Tips for no-tilling into heavy corn residue
Often producers are concerned about no-tilling into fields with large amounts of residue. The residue needs to be properly spread behind the combine during harvest of the previous crop, preferably with a straw chopper and proper chaff distribution. Minimize any residue disturbance (rolling stalk chopping or shredding) before or during planting. Leave as much residue anchored, attached, and standing upright as possible. That way you don't have to handle it and when you do run across it, the soil holds it so that the equipment can pass over it. The time and place to precondition corn residue is during harvest using knife-edged snapping rolls on the combine with the head running about 6 inches off the ground.
Today's planters have no trouble planting through heavy residue as long as weight has been added to the row units so they don't ride up over the residue, leaving the seed on the soil surface. For most planting conditions, raise residue movers so they run about 2 inches above the soil surface. At this height, they act as a "V plow" to lay the stalks to the side so that you only have to cut the stalks near the base.
For corn planting, set the depth control for about a 2.5- to 3-inch planting depth on bare soil so that when the depth gauge wheels run on the residue and over the root stumps, you are still putting the seed into the soil to at least a 2-inch planting depth. This is why weight is added to the planting units. Slow the planter to 4.5 or 5 mph so that you don't bounce over root stumps and add a "walking beam" depth control stop to John Deere planters if they don't already have one. If your double disk seed furrow openers are sharp and working together, they will cut down through the old root stump and put the seed into soil, even through residue from 250 bu/ac corn production. (Remember, the root mass you see forms about 1 inch above the seed at the nodal roots.)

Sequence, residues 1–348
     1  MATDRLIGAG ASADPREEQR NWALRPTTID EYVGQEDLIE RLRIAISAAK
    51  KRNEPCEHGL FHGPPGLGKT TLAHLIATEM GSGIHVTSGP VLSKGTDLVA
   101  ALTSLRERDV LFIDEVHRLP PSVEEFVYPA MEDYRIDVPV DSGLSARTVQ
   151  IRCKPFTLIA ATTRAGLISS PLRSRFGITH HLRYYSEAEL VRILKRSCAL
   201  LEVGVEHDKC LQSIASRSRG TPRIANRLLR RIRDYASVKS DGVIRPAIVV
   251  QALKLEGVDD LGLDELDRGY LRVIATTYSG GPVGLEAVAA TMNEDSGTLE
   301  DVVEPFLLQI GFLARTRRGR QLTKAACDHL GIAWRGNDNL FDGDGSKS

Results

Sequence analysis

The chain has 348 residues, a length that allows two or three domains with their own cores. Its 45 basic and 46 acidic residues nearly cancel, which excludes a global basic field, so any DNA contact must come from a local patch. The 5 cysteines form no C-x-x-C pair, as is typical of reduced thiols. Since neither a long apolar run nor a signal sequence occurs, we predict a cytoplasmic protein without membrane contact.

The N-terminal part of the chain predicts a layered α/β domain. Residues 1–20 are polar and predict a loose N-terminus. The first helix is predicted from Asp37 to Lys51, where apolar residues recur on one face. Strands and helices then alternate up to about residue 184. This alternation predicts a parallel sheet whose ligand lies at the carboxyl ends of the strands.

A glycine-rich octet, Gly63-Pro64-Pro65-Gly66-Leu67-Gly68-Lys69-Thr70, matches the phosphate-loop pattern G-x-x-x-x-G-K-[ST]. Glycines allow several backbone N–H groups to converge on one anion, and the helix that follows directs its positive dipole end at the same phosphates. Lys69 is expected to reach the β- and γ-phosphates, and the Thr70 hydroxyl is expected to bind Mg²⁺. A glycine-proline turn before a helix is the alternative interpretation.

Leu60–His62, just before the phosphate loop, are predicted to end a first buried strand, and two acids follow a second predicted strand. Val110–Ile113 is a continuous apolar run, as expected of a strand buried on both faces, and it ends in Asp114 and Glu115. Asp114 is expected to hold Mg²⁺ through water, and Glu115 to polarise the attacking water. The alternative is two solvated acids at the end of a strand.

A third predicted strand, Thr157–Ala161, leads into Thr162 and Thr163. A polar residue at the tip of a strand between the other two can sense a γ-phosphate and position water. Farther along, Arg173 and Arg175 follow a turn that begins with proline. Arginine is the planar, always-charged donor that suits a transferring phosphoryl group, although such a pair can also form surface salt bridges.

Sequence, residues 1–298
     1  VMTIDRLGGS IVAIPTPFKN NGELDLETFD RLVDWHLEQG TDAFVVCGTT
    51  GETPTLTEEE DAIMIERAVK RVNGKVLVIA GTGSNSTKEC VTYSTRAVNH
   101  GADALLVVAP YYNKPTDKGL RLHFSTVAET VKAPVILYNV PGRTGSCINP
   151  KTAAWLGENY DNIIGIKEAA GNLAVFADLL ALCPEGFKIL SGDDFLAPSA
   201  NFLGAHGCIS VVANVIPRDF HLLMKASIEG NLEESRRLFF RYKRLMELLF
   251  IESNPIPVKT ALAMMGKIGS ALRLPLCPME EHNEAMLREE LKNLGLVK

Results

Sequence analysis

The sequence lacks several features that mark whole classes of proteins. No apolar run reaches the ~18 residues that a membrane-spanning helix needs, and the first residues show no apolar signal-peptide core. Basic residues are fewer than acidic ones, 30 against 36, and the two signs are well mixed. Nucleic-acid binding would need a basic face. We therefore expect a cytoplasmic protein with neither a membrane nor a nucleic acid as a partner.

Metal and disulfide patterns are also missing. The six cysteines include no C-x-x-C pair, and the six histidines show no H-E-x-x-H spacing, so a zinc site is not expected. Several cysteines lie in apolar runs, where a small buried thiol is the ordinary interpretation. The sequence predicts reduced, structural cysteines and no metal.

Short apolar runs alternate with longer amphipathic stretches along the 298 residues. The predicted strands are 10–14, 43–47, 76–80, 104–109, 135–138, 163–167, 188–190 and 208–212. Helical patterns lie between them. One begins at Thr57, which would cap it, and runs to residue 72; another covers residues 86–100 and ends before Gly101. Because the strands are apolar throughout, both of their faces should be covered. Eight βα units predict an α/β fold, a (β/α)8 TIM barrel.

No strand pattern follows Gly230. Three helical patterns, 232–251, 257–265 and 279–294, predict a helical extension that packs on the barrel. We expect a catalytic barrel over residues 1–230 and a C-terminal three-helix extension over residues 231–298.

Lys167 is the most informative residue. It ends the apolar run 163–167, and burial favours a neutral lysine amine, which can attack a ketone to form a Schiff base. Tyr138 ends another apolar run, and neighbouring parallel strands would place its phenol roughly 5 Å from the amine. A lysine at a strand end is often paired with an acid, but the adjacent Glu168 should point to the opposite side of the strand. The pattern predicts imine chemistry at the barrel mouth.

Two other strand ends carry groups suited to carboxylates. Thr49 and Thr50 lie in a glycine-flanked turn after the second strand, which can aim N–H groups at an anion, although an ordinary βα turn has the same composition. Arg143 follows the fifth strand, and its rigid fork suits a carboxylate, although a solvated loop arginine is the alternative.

For no-till, especially under heavy residue conditions, put a pop-up fertilizer in furrow, regardless of the soil phosphorus level (ie: 5-7 gal/ac 10-34-0). With the heavy residue, the soil may be a little cooler than if you moved the residue aside so the slower growing roots may have a temporary nutrient deficiency. The pop-up gets that seedling going and overcomes that problem.
Research in Minnesota on flat, poorly drained soils showed a yield response to pop-up fertilizer in heavy residue (regardless of soil phosphorus level) and showed a yield response to moving some residue out of the row, but not an additive effect. For Nebraska's conditions, most no-tillers should use the pop-up because shortly after planting, they will wish they had the residue back over the row to reduce soil crusting, conserve moisture, and reduce erosion. Also, disturbing the residue at planting makes planting much more difficult if the soil is wet under the residue. Without disturbing the residue, the depth gauge wheels of the planter ride on the residue and don't mud up, making planting depth much more uniform.